Succession of disturbed and undisturbed chalk grassland at Aston Rowant National Nature Reserve: dynamics of species changes.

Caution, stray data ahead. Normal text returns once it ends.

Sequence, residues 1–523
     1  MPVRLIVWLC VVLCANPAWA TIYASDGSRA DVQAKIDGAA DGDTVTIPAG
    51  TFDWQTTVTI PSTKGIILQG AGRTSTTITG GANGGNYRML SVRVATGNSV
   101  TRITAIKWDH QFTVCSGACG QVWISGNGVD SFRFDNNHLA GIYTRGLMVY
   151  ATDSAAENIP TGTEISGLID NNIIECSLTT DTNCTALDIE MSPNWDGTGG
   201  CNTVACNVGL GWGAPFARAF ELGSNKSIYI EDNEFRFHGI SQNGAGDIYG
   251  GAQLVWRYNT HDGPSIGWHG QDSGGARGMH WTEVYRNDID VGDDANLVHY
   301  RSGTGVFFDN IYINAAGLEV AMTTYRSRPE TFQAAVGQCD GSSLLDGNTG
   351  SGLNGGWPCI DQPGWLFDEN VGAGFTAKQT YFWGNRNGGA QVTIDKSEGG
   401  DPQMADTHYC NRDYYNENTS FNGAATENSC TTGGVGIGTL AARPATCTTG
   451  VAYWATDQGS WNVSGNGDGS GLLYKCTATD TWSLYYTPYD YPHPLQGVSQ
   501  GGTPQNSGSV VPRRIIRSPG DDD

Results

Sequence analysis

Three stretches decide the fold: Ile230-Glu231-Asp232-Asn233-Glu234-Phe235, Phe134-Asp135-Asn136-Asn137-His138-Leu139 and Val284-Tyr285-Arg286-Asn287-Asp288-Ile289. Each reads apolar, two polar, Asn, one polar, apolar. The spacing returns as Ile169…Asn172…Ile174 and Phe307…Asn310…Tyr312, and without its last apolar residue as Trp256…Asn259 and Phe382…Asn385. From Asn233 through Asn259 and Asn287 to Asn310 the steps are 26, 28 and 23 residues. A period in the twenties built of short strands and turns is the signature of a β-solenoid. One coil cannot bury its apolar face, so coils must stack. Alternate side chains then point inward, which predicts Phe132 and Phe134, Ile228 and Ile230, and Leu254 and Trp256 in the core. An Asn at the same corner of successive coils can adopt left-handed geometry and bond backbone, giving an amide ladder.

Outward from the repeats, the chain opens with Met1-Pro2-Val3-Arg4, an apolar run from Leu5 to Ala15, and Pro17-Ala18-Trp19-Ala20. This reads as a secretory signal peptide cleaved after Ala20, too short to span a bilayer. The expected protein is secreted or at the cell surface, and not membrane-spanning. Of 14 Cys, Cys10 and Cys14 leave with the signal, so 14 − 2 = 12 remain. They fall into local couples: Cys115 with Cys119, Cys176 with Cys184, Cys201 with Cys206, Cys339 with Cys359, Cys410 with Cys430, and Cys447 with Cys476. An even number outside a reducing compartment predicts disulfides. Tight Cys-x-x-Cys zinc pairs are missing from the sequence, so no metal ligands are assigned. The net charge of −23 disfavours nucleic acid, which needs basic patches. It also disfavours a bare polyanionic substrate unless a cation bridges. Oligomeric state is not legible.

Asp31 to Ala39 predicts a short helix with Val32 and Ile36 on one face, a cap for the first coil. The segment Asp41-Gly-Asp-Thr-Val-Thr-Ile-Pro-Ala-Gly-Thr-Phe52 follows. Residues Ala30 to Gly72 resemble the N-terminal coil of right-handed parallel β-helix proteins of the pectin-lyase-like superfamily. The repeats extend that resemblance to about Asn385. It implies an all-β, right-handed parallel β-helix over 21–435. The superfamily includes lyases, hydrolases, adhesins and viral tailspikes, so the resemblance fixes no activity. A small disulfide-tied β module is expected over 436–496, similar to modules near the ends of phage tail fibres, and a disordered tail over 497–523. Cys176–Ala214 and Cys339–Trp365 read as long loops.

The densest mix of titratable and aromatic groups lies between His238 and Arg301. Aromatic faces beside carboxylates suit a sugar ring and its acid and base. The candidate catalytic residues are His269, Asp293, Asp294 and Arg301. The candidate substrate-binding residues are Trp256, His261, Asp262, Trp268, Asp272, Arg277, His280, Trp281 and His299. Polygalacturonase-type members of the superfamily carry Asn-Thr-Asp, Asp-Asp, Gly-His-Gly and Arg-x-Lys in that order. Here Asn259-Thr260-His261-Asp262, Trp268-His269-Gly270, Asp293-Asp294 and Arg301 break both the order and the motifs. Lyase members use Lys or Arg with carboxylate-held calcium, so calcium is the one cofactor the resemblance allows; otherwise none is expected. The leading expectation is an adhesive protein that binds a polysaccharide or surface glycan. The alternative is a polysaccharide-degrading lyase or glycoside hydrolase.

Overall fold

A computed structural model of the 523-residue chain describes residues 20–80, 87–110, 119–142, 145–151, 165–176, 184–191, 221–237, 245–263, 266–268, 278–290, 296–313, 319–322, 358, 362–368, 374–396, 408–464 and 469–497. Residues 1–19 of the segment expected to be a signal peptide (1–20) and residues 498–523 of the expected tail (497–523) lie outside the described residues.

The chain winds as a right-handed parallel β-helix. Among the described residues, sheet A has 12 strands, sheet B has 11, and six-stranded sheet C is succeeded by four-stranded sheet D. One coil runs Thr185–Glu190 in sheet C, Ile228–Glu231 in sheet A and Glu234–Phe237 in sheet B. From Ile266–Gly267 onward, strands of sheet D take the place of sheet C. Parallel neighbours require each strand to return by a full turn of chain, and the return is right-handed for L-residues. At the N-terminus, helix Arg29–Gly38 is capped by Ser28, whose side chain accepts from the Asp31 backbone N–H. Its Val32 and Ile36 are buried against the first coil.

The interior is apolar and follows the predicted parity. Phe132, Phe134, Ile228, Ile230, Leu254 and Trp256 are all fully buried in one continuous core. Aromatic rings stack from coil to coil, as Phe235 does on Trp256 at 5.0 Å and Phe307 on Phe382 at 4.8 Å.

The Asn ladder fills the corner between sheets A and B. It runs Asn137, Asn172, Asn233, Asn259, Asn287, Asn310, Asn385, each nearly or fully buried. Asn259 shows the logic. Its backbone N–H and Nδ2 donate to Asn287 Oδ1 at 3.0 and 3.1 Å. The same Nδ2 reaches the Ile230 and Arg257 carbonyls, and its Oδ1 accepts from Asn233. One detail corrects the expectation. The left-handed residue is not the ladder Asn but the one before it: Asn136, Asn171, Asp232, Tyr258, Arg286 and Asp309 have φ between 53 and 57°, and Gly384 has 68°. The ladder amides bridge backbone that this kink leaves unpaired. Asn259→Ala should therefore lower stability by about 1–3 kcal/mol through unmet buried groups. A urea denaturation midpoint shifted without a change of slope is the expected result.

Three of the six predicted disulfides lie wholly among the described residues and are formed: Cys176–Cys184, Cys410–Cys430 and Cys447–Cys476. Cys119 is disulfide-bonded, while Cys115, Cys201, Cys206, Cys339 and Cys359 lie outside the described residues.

The first 14 years of secondary succession, from 1969 to 1982, are described in a randomized block design experiment on chalk grassland at Aston Rowant, UK. There were 4 blocks with 4 treatments: annual grazing by sheep, no treatment, and ungrazed after disturbance by burning or rotary tillage in 1969. Total numbers of species in 10 × 12 m plots and 1 m2 quadrats were variable, with few clear trends. Differences in species packing accounted for the highest numbers being recorded in the quadrats but not in the plots of the grazed treatment. Depletion curves over 14 years for the initial species complement in the quadrats were least in the grazed grassland, and greatest in the untreated and rotary tilled. Burnt plots were intermediate. Annual turnover of species in the quadrats was greater in grazed grassland than in the successional treatments as a result of the mortality and recolonization from the grazing level which maintained this plagioclimax grassland. Successional grassland was influenced more by competitive interactions between species. Constant and transient species in the quadrats of each treatment are given. Numbers of species annually colonizing and lost from the quadrats tended to fluctuate in a similar way on the different treatments. This was probably due to weather, as the 1976 drought apparently affected the quadrat results on almost all the plots.